The holidays are filled with food. Family gatherings and holiday parties nearly always feature big spreads, and treats appear from everywhere. It can be a challenge to manage all the food and stress of the holidays.  Here are some books about food and eating to spark a conversation about healthy holiday eating. How Can I Wait When There’s a Treat on My Plate? by Dan Graham, PhD It’s hard for some kids to wait for something that they really want! A marshmallow now or ice cream later? In this lively, rhyming picture book, twins Dell and Pete face a series of humorous choices that test their ability to stay strong in the face of temptation. Includes a Note to Parents and Caregivers that explores techniques to help kids build impulse control and learn to delay gratification. “Pete and Dell are sweet-toothed brothers who learn strategies to help them delay gratification in this rhyming picture book… A solid conversation started on topics of self-control.” —Kirkus Reviews Hear this story read aloud. Here are some tips from the Note to Parents and  Caregivers: Turn your face: Temptations can become less powerful if we stop looking at the thing we want. Take some space: Putting some distance between ourselves and the tempting object can make self-control easier. Distancing ourselves from current emotions can also boost self-control.  Imagine: We can use imagination to change the way we feel about something tempting.  Do something fun: Distracting ourselves by doing something we enjoy can help shift our focus from the thing we desire to the fun we are having. Read the whole excerpt from the Note to Parents and Caregivers in  How Can I Wait When There’s a Treat on My Plate? Princess Penelopea Hates Peas:  A Tale of Picky Eating and Avoiding Catastropeas by Susan D. Sweet, PhD and Brenda S. Miles, PhD Once upon a time there was a princess named Penelopea. Penelopea lived in Capital Pea, where people ate peas by the pound — pureed, poached, and pan-fried! There was just one problem. Penelopea hated peas. So she came up with a plan — but it led to a catastropea of epic proportions! “Princess Penelopea Hates Peas is the story of a princess who cannot be convinced to try her peas, no matter what the king and queen do. The book offers parents an opportunity to encourage kids to try new foods. There is a note to parents and caregivers in the back that provides useful tips for getting children to eat a variety of foods. The accompanying illustrations are whimsical and colorful, and help turn a topic that some children may hesitate to embrace into a book that is a great deal of fun to read.” —Foreword Reviews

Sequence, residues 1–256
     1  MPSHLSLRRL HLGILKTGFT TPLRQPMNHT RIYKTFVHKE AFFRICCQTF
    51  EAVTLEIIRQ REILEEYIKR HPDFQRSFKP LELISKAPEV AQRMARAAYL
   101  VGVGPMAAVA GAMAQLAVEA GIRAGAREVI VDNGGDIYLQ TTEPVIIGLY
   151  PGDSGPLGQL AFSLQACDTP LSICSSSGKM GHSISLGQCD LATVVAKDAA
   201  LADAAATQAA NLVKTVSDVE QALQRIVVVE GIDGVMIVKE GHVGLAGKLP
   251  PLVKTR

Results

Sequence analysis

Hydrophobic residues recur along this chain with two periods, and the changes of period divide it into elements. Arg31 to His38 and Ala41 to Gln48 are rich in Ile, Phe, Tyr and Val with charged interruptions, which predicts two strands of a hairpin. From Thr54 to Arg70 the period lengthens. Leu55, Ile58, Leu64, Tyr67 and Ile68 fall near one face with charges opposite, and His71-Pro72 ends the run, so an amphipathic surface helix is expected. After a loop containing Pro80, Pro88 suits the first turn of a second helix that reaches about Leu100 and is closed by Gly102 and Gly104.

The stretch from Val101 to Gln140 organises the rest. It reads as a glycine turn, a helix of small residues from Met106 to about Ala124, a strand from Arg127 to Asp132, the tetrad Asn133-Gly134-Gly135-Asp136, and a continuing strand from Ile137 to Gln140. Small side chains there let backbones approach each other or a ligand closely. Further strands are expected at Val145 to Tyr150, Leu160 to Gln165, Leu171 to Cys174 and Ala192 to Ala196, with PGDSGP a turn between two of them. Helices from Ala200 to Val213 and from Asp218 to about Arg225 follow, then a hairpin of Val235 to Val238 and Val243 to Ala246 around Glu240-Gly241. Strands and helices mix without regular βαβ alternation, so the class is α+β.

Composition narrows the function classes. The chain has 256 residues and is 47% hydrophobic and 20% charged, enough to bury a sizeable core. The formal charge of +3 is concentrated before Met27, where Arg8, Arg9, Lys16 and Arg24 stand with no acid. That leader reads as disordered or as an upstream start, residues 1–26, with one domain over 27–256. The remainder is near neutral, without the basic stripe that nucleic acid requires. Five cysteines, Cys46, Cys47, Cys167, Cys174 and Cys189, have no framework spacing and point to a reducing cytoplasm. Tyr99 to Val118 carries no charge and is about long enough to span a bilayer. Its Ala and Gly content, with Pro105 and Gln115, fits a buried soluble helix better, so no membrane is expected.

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Healthy Holiday Eating 2021-12-02T23:26:35-05:00

National Adoption Month: Focus on Foster Care

November is National Adoption Month. This year, the focus is on helping teens in foster care find permanent families. Magination Press's books about foster care explore the foster care experience for young children. Maybe Days: A Book for Children in Foster Care by Jennifer Wilgocki, MS, and Marcia Kahn Wright, PhD, addresses the questions, feelings, and concerns children in foster care most often face. It also provides basic information that children want and need to know, including the roles of various people in the foster care system and whom to ask for help. The foster care experience can create feelings of uncertainty, mistrust, and inadequacy. Home for A While by Laura Kerstein shows how respect, kindness, and understanding can help a child build resilience and recognize their strengths. We interviewed her about creating Home for A While. Magination Press: What inspired you to write Home for A While? Laura Kerstein:  Hope inspired me to write Home for A While. For years, I worked with children in and out of foster care. They struggled to make meaning out of their worlds and of themselves. I wanted to write a book that not only paid homage to them, but also offered a way to help ALL children see their strengths. I longed to add some light to dark times, and highlight the incredible resilience and fortitude of the children with whom I’d worked. I also wanted to offer emotion regulation strategies that any child might embrace. Finally, I worked with wonderful, caring foster parents, and I wanted to show the positive ways a person can impact another. So… I hope this book gives children and families hope. MP: Why do children need books about the experience of foster care? LK: All children need to see all different types of families represented in books. As Dr. Bishop said, books need to be “windows, mirrors, and sliding glass doors.” Children need to not only see themselves in books, but also learn about the lives of other children. As authors, we have a responsibility to make sure all children are represented in literature. I wanted both the children with whom I worked to see themselves in a book, as well as other children to see a different type of family situation. MP: Do you have experience with foster care--as a child, as a parent, or as a practitioner? LK: For years, I worked with children in foster care, on the brink of foster care, or who had been in foster care in the past. The children with whom I worked were so incredibly resilient and strong. Calvin is a combination of all of those wonderful children. MP: Tell me about Maggie, the foster mom. Who was your inspiration? LK: I have had the opportunity to work with incredibly caring and committed foster parents. Just as Calvin is a combination of many different children, Maggie is a blend of many different foster parents. Fun fact: I chose the name Maggie because we had the most amazing, intuitive,

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National Adoption Month: Focus on Foster Care 2021-11-15T14:08:17-05:00